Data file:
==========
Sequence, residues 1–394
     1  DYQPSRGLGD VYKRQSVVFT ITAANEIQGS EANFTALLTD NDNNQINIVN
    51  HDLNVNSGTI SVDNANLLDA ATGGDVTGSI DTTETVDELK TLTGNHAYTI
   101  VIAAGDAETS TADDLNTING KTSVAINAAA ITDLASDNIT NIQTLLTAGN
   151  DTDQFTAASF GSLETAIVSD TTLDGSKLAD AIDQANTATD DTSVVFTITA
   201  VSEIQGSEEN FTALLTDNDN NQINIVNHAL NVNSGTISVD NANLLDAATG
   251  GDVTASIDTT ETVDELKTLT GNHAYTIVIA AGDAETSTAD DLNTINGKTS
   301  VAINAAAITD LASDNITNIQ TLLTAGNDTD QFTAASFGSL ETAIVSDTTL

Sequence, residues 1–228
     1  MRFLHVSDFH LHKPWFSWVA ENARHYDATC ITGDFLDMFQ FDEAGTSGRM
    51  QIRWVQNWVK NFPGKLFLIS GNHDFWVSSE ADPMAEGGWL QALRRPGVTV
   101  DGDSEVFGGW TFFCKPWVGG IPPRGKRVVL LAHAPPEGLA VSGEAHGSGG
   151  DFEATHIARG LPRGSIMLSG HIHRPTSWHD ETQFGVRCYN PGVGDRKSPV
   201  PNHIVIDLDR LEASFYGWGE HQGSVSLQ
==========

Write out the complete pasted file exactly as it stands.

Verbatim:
Sequence, residues 1–394
     1  DYQPSRGLGD VYKRQSVVFT ITAANEIQGS EANFTALLTD NDNNQINIVN
    51  HDLNVNSGTI SVDNANLLDA ATGGDVTGSI DTTETVDELK TLTGNHAYTI
   101  VIAAGDAETS TADDLNTING KTSVAINAAA ITDLASDNIT NIQTLLTAGN
   151  DTDQFTAASF GSLETAIVSD TTLDGSKLAD AIDQANTATD DTSVVFTITA
   201  VSEIQGSEEN FTALLTDNDN NQINIVNHAL NVNSGTISVD NANLLDAATG
   251  GDVTASIDTT ETVDELKTLT GNHAYTIVIA AGDAETSTAD DLNTINGKTS
   301  VAINAAAITD LASDNITNIQ TLLTAGNDTD QFTAASFGSL ETAIVSDTTL

Sequence, residues 1–228
     1  MRFLHVSDFH LHKPWFSWVA ENARHYDATC ITGDFLDMFQ FDEAGTSGRM
    51  QIRWVQNWVK NFPGKLFLIS GNHDFWVSSE ADPMAEGGWL QALRRPGVTV
   101  DGDSEVFGGW TFFCKPWVGG IPPRGKRVVL LAHAPPEGLA VSGEAHGSGG
   151  DFEATHIARG LPRGSIMLSG HIHRPTSWHD ETQFGVRCYN PGVGDRKSPV
   201  PNHIVIDLDR LEASFYGWGE HQGSVSLQ